Owl Boy Review – Rito Then…

Yes, this writer does the Legend of Zelda puns too. Unless readers have been living under a rock for the past few months, D-Pad Studios Owl Boy has been a runaway success for the indie developer and publisher Soedesco. Seeing both digital and a limited physical release, Owl Boy has captured this Nintendo fan boys’ hearts.

Owl boy is a fresh take on the platform dungeon crawling genre; by taking tried and tested gameplay mechanics and putting a literal new spin on them. This makes for some engaging gameplay. Although one is not the kind of writer to spoil any plot points, Owl Boy is a coming of age tale which sees a mute teenager going against the grain for the greater good of his people. Even his mentor gives him a bad rap, but luckily for him he has his best friend to keep him motivated.

A Court of Owls

Owl Boy is a member of a humanoid Owl Race which protects humans on floating islands from pirates and other elements of trouble. Our protagonist is normally on patrols protecting the village and the skies, but this is when everything starts to go south.


“To be honest, Batman is already on his way COURT OF OWLS!”

Owl Boy’s standard attacks include a horizontal spin and a roll attack; which can be performed on the ground and in-air. The main mechanic of the title is flight, which allows players to freely explore their surroundings in all directions. Hunting down hidden coins and treasure adds dimensions to this title due to the level of exploration Owlboy offers. As players progress through the game and meet new characters eager to join Owl Boy’s cause, new attacks are unlocked through exploring with accompanying team mates. These attacks vary in range, power and ability which all become useful when navigating the titles dungeons and environments. An amazing addition is being able to switch teammates on the fly by pressing L or R.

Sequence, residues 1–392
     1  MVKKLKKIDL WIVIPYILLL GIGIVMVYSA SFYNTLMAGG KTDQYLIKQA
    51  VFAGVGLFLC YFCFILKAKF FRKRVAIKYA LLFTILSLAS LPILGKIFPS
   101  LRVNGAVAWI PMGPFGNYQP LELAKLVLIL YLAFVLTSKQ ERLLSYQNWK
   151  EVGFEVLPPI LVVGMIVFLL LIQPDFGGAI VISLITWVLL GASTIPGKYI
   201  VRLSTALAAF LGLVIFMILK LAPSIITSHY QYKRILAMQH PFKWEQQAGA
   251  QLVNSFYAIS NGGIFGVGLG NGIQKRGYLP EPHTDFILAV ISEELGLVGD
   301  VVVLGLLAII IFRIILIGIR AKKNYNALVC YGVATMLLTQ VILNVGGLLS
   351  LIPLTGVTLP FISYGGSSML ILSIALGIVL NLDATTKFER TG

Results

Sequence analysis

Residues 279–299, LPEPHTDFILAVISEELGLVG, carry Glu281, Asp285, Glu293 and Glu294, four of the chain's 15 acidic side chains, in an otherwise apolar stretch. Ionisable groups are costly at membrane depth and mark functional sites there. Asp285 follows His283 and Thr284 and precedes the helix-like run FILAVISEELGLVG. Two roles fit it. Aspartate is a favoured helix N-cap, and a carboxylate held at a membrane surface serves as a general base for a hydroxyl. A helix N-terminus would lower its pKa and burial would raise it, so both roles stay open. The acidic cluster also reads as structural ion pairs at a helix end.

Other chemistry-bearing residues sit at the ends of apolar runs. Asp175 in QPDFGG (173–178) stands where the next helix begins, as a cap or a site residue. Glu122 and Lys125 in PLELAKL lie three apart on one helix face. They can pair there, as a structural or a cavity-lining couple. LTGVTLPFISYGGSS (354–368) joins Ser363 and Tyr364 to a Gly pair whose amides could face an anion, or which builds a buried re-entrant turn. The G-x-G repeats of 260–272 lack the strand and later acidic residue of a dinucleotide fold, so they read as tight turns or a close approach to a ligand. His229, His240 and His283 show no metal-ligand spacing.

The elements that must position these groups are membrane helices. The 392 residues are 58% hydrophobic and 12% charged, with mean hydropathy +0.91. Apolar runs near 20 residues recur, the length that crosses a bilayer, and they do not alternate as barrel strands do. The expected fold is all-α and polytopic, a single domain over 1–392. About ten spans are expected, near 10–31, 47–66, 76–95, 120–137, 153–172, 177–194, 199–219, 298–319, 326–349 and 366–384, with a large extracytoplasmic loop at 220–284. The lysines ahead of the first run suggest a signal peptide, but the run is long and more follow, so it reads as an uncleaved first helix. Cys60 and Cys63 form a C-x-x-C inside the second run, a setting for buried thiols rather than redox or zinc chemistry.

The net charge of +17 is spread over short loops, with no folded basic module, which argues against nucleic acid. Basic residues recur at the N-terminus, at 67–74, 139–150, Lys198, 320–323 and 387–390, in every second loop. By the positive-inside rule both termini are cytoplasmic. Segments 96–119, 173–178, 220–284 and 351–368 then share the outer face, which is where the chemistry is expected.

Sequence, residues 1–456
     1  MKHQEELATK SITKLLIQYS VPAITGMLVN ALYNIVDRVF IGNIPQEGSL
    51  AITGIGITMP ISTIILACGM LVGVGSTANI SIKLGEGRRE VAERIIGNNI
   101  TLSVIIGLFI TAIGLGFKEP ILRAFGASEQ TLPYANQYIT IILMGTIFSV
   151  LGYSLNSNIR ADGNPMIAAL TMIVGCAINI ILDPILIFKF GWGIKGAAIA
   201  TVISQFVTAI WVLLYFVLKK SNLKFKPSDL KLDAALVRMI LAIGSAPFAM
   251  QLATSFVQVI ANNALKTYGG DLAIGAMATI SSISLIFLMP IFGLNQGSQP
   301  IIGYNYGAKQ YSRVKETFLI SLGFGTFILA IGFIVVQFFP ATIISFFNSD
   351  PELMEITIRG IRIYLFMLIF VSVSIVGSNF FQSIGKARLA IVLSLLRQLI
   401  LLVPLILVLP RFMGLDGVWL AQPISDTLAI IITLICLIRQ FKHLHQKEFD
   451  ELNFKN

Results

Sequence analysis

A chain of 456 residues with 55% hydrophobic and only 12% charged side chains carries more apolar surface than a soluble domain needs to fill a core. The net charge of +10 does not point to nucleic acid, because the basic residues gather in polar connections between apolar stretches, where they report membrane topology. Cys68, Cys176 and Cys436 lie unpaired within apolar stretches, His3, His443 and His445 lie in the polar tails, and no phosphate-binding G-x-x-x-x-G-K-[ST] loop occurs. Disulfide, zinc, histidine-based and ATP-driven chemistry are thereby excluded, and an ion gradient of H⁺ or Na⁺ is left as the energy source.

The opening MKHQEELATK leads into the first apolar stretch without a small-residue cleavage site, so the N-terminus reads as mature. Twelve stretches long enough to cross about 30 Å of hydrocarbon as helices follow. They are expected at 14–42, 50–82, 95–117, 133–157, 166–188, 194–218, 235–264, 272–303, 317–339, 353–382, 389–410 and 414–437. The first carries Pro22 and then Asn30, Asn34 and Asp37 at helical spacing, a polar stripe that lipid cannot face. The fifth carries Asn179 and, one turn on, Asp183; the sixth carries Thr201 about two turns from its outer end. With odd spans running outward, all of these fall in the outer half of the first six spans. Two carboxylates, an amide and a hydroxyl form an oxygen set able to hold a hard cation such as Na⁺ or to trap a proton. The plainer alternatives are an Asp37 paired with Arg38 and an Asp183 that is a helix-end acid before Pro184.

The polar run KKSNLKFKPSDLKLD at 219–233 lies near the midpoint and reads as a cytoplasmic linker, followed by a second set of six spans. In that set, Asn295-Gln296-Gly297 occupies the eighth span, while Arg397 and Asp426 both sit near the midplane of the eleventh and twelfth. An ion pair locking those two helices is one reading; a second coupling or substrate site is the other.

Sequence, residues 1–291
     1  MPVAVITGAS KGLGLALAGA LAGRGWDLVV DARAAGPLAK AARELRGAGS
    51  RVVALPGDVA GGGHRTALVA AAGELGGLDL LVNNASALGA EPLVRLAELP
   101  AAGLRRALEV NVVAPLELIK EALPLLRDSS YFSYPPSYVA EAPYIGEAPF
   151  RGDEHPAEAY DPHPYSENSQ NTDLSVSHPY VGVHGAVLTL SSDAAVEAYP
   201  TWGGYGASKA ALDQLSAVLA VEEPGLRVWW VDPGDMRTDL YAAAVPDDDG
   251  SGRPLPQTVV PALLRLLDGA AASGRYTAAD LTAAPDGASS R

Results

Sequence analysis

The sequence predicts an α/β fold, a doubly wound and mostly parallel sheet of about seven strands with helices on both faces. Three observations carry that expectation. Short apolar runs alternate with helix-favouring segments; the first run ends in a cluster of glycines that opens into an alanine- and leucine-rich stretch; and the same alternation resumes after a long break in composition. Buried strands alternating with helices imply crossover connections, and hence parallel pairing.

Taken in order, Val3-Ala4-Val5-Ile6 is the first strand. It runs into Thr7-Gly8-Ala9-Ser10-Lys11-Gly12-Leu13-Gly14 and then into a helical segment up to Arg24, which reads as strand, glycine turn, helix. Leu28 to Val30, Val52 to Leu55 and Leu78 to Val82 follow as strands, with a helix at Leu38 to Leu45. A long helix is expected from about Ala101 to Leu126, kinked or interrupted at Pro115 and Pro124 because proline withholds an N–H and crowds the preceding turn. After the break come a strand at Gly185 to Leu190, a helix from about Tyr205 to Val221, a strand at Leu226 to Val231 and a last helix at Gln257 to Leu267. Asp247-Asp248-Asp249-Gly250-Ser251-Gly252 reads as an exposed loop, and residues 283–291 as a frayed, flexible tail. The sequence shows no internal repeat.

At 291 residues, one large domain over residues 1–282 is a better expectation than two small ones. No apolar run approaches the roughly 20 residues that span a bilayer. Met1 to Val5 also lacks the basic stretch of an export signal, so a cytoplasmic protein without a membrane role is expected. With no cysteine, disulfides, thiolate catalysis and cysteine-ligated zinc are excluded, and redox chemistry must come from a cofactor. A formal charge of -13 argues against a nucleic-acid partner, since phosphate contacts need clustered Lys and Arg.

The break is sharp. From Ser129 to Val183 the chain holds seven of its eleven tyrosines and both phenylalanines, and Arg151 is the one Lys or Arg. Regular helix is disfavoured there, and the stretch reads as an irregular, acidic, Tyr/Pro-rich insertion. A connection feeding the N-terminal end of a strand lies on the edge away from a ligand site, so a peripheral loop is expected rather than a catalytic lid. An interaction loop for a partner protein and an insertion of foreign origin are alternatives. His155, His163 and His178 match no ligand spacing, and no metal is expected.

Owl Be the Judge of That!

Boss battles are very well balanced and difficult enough to strike a perfect balance between a challenge and rage quitting. With our protagonists abilities and team mates powers available on the fly, said battles can sometimes turn into a mid air bullet hell kind of affair. Boss battles also use their environments around them to add another welcome addition to the fray, for example leading a boss’s attack to a wall or ceiling can end up causing massive damage.

The overall level design is efficient and well placed, not to mention the balance of enemy sprites on screen. Owl Boy always makes sure a challenge is involved without allowing players to bite off more than they can chew. Furthermore, this title takes another leaf out of Zelda’s book by having interactive environment mechanics in place to aid progression through secret areas. A good example would be using rain clouds to flood out door switches or catching falling explosives that would normally blow up our feathered protagonist.owlboy2

“One hit the roof fighting this boss… Play the game and thank me for the laughs later!”

Farming for Coins…

Collecting coins grants you access to new unlocks such as health upgrades and more by visiting a certain shop early in the game. Collecting coins is actually given great worth in-game and provides a grinding culture that JRPG fans crave. This even unlocks a mini game, but this writer won’t spoil the fun.

Owl Boy is painstakingly presented with a clear and crisp 16-bit graphics style that pops at every opportunity. One can only imagine the hours put into creating environment textures, effects and every sprite in game. Owl Boy manages to stand out due to its own take on high altitude dungeon crawling and platforming, which is quite an achievement considering other indie titles out right now.

The soundtrack is another throwback to the 16-bit era; with every bit chip having been designed in accordance with its role. For example, Owl Boy’s landings sound different to his rolls and stops. Not many indie titles have bit chip sounds for their soundtrack and sound effects these days, which is a shame as Owl Boy could have easily had a Nintendo ‘Seal of Approval’ back in the 90s. Whilst crisp and clear, D-Pad Studios have taken great care in ensuring the authenticity of the sounds in this game. It almost sounds organic.

owlboy-nintendo-switch (4)

“Where’s that bit-chip music coming from Owl Boy?”


Presentation and Graphics: 4.5

Gameplay: 5

Sound: 4.5

Overall Score: 4.7/5

Owl Boy is a crown jewel in Nintendo’s Indie offering on the Switch. Whilst the title borrows from such big franchises as the Legend of Zelda and Kid Icarus, Owl Boy polishes those ideas and brings platforming and dungeon crawling together in a beautifully realised bit chip title. Readers and players who do not own Owl Boy on their Nintendo Switch will be brought in for questioning momentarily.

Formats: Nintendo Switch (Reviewed), PlayStation 4, Xbox One and Steam
Price: £18.99 (eShop)
Publisher: Soedesco
Developer: D-Pad Studio
Release Date: 13/02/2018
Age Rating: PEGI 3+


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